Turkey’s Uncertain Journey into the Future: It Ain’t the Arab Spring

Protests continue across Turkey.  There’s a lot of loose talk about the “Arab Spring” coming to Turkey, but Prime Minister Recep Tayyip Erdogan’s Justice and Development Party (AKP) was democratically elected.  One of his great accomplishments was dismantling the military-dominated “Deep State” system which effectively controlled the Republic of Turkey since its founding in 1923. 

Modern Turkey evolved out the ruin of the Ottoman Empire and was ruled by Mustafa Kemal Pasha, who took on the name Ataturk (“Father of the Turks”).  His image still dominates the modern nation.  He was a modernizer, not a democrat.  Those who followed him enforced a ruthless nationalism and secularism; the military routinely interfered in politics, effectively destroying the predecessor party to the AKP in 1997. 

These were not the “good old days.”  The military jailed, tortured, and murdered opponents.  The Kurds were brutally repressed.  Liberals of all sorts were prosecuted, fired, and threatened for their views.  Prime Minister Erdogan ended most of these abuses. 

Unfortunately, however, power seems to have corrupted the prime minister.  As I explain in my new article:

tragically, however, Prime Minister Erdogan has stopped acting as a liberator, and increasingly begun acting as oppressor at home.  His government has used preexisting security laws to prosecute civilians, including many journalists, as well as military officers for alleged crimes, some going back many years.  While those who in their time persecuted others deserve little sympathy, misuse of the law puts the liberties of all into jeopardy.  Warned the U.S. State Department in its latest human rights report:  “Broad laws against terrorism and other threats to the state and a lack of transparency in the prosecution of such cases significantly restricted access to justice.”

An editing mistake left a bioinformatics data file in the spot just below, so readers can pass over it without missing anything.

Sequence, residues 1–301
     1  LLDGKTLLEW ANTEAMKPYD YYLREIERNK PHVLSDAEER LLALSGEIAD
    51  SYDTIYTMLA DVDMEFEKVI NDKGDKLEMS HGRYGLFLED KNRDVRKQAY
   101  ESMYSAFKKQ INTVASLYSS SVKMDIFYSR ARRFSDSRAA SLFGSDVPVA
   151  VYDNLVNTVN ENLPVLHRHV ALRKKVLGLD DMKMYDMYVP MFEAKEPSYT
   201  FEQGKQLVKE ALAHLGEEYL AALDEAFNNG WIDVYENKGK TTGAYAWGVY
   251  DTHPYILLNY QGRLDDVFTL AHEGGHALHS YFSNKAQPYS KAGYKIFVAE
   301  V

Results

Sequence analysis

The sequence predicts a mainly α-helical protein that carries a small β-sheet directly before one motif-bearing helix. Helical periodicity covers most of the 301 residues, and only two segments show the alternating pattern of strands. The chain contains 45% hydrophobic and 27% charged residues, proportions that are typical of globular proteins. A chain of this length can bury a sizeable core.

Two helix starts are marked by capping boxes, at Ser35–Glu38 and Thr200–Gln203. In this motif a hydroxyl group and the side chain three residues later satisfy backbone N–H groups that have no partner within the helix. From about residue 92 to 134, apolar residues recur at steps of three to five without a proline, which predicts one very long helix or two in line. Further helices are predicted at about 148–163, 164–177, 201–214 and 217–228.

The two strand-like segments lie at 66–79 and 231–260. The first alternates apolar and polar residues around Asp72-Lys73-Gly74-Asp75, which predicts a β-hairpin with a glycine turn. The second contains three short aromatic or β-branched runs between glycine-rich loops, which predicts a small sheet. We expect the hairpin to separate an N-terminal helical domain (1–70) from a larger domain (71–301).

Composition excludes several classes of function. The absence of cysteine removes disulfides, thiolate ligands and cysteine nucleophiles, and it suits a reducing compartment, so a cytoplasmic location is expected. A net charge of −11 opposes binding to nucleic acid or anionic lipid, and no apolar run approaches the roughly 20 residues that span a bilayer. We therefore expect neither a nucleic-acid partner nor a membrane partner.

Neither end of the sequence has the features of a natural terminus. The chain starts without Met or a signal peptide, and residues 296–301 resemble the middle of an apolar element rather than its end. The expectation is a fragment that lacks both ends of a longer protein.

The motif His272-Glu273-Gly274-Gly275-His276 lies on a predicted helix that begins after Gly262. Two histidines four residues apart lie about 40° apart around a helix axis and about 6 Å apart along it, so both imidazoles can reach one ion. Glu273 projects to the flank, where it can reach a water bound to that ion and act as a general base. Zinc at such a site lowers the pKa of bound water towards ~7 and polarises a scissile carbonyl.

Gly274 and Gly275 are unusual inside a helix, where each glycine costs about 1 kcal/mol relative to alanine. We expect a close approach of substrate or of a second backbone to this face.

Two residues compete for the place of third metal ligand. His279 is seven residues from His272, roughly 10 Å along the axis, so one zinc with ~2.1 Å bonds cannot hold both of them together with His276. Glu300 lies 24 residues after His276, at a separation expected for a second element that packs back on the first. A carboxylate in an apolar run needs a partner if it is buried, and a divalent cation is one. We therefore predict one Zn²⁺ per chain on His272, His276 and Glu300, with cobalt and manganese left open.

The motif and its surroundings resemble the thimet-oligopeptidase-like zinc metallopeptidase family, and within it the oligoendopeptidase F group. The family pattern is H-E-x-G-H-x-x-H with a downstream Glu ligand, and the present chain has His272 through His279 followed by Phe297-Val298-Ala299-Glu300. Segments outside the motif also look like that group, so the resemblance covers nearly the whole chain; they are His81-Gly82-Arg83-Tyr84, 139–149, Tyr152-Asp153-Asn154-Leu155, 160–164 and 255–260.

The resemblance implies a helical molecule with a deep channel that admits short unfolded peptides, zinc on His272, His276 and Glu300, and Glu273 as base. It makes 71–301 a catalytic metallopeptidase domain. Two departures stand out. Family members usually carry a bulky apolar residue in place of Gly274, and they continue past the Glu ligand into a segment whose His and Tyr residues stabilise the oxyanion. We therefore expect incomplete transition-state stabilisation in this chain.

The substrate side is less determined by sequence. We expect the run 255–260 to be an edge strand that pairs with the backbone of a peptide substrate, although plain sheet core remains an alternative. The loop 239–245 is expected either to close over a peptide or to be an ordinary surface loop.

Particularly threatening is the prosecution of journalists.  Last year the Journalists Union of Turkey counted 94 reporters in prison, while another group figured that number at 104. The New Yorker’s Dexter Filkins cited “an extraordinary climate of fear among journalists,” leading many editors to expressly discourage criticism of the prime minister.

The government could respond to the latest protests by returning to the reform track.  If not, the public needs to solve the problem of unaccountable political power through the ballot box.  Ironically, Prime Minister Erdogan has made further democratic transformation of Turkey possible by breaking the military’s hold over politics.  Now it is up to the Turkish people to act.